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    Excellent stuff Bobby. The Savannah Squadron was one of those "red headed step-children" of the CS Navy. They were given an incredibly difficult job of defending a tremendous amount of coast and multiple rivers and inlets, with very little resources and personnel. They weren't as "uniform" or by-the-book, but they usually had a strong command structure both overall and shipboard and they saw a lot of service in a short time.
    Ross L. Lamoreaux
    Tampa Bay History Center
    www.tampabayhistorycenter.org
    On Facebook at: Tampa Bay History Center Living History Programs

    "The simplest things, done well, can carry a huge impact" - Karin Timour, 2012

  6. #6
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    The were also the man power pool for Charleston.... everytime Charleston needed men they drew on Savannah, at one point they had drawn so significant an amount that one ship, the Isondiga spent more than a little time layed up for want of crew. The Squadron was also bled of officers, and at one point suffered a severe officer shortage.
    Bobby Hughes
    Co A, 2nd Battalion Ga Sharpshooters/64th Illinois Vol Infantry "Yates' Sharpshooters"
    Savannah Republican Blues
    Co C, 3rd US Infantry
    Ships of the Sea Maritime Museum & William Scarbrough House, Savannah, GA


    "I hope to live long enough to see my surviving comrades march side by side with the Union veterans along Pennsylvania Avenue, and then I will die happy." - James Longstreet at a Memorial Day Parade in 1902.

  7. #7
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    But.... according to Maurice Melton..... the ate pretty dern well compared to their counterparts not only in the Navy, but Army as well.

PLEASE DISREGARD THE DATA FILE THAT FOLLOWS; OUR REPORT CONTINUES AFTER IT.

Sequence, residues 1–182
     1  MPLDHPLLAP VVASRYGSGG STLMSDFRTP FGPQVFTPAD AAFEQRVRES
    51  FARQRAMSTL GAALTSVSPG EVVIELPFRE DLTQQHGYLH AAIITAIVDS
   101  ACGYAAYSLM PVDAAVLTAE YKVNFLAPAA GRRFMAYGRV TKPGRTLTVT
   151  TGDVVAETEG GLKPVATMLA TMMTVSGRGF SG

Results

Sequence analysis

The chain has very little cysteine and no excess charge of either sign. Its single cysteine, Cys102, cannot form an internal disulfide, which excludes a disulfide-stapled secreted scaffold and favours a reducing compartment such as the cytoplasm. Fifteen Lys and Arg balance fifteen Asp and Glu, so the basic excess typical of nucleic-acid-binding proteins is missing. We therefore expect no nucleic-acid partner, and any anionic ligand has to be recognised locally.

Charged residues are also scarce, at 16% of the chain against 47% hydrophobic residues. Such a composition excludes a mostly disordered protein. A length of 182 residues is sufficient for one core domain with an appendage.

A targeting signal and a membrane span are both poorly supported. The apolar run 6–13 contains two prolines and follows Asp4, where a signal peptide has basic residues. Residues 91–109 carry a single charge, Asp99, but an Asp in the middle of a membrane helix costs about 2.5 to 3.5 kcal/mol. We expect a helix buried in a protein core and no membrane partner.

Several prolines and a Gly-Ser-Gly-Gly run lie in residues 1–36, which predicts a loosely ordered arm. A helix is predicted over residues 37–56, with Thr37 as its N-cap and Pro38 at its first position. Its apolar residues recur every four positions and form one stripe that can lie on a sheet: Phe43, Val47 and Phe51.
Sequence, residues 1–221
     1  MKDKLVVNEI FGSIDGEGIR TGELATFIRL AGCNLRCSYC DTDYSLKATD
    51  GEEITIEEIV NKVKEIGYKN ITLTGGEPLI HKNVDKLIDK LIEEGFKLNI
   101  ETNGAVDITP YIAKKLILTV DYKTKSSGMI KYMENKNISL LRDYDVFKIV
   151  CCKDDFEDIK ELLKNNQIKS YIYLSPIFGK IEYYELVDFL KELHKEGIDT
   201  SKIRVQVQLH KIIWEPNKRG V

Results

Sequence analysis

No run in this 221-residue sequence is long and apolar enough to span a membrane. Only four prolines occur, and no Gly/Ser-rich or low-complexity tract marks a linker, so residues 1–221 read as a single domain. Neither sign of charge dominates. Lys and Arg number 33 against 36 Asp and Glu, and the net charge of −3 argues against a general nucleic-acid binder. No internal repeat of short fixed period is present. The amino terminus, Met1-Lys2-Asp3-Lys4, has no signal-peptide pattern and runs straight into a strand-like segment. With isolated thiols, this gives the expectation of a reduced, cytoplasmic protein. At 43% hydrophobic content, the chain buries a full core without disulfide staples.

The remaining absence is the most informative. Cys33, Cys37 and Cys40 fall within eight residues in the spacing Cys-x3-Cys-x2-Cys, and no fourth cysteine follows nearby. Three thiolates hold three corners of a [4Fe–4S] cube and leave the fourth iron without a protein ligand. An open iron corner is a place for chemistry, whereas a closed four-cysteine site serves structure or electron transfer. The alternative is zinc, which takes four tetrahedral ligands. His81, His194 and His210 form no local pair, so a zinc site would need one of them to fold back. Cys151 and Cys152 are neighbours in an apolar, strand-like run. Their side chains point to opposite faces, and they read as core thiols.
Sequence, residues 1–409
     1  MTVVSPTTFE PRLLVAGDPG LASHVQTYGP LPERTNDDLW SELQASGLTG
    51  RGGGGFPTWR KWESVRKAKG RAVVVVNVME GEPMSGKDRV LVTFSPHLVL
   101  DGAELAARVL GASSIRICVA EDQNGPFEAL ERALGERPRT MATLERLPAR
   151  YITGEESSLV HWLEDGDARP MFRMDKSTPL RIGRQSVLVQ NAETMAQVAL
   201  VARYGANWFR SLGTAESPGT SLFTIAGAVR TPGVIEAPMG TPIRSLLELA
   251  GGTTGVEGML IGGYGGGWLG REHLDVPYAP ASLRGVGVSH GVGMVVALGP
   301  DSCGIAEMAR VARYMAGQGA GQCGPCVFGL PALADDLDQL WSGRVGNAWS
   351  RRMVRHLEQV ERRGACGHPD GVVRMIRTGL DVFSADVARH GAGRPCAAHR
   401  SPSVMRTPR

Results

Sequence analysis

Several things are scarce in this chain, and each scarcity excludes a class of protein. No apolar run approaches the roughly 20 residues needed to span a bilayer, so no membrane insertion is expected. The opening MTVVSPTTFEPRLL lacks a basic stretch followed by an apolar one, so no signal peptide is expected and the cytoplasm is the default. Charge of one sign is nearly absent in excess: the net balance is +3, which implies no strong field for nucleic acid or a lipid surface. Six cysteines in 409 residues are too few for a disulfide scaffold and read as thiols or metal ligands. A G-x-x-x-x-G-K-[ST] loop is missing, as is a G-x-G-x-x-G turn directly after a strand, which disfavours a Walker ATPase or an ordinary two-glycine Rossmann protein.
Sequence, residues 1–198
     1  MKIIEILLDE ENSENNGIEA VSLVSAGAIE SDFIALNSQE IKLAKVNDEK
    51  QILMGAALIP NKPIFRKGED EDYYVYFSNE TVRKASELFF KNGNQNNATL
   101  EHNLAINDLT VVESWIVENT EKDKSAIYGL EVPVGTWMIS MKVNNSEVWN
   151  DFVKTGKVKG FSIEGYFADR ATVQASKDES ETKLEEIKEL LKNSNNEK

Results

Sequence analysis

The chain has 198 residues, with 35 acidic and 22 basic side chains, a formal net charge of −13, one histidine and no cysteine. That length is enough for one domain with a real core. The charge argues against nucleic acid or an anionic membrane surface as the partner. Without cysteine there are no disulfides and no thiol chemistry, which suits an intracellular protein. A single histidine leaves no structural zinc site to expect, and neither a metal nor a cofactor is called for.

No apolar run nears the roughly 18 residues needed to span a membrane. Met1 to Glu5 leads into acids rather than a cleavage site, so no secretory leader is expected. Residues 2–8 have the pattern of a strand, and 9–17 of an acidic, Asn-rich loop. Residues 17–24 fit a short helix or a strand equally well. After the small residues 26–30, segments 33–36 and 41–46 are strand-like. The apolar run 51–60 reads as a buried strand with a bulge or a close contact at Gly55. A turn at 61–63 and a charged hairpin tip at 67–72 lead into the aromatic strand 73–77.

Bobby Hughes
    Co A, 2nd Battalion Ga Sharpshooters/64th Illinois Vol Infantry "Yates' Sharpshooters"
    Savannah Republican Blues
    Co C, 3rd US Infantry
    Ships of the Sea Maritime Museum & William Scarbrough House, Savannah, GA


    "I hope to live long enough to see my surviving comrades march side by side with the Union veterans along Pennsylvania Avenue, and then I will die happy." - James Longstreet at a Memorial Day Parade in 1902.

  8. #8
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    I agree with you Ross. Taking a belaying pin ashore as a landing party member would be the equivilent of taking a club to a gunfight. LOL They do make line handing easier though.

    Geo. Dailey
    USNLP (western waters)

  9. #9
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    I understand as a ex-sailor about ship property and what I am attemping to research is if their are any recorded accounts of confederate sailors using belaying items that they might had taken for their own use ashore when departing from their vessels after burning or sunking them to keep them out of emeny hands? I would assume that a landing party would be commanded by a officer or petty officer with standard period equipment such as a rifle, pistol, or maybe a cutlass.

    Thanks Again ~
    I am, very respectfully, your obedient servant,

    Quarter Gunner & Apprentice Sailmaker, R. Bohlman, CSN
    late of the C.S.S. Ram Arkansas,
    now attached to the CS Naval Station
    Jackson, Mississippi

    Member USNLP
    http://www.usnlp.org/

    Soldiers Rest Cemetery, Vicksburg, MS
    Aide-toi et Dieu t'aidera

    Member of the Sons of Confederate Veterans
    Camp # 265, Rankin County Rough and Ready’s
    http://www.scv265.com/

  10. #10
    Join Date
    Dec 2006
    Location
    Port Wentworth, GA
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    I have not seen anything at least amongst the Savannah Squadron so far........ when they burned the ships here, they were in a bit of a hurry, so I doubt they worried about things like Belaying pins, and considering that a majority of the ships were river steamers, there were probably not a whole lot of em laying around
    Bobby Hughes
    Co A, 2nd Battalion Ga Sharpshooters/64th Illinois Vol Infantry "Yates' Sharpshooters"
    Savannah Republican Blues
    Co C, 3rd US Infantry
    Ships of the Sea Maritime Museum & William Scarbrough House, Savannah, GA


    "I hope to live long enough to see my surviving comrades march side by side with the Union veterans along Pennsylvania Avenue, and then I will die happy." - James Longstreet at a Memorial Day Parade in 1902.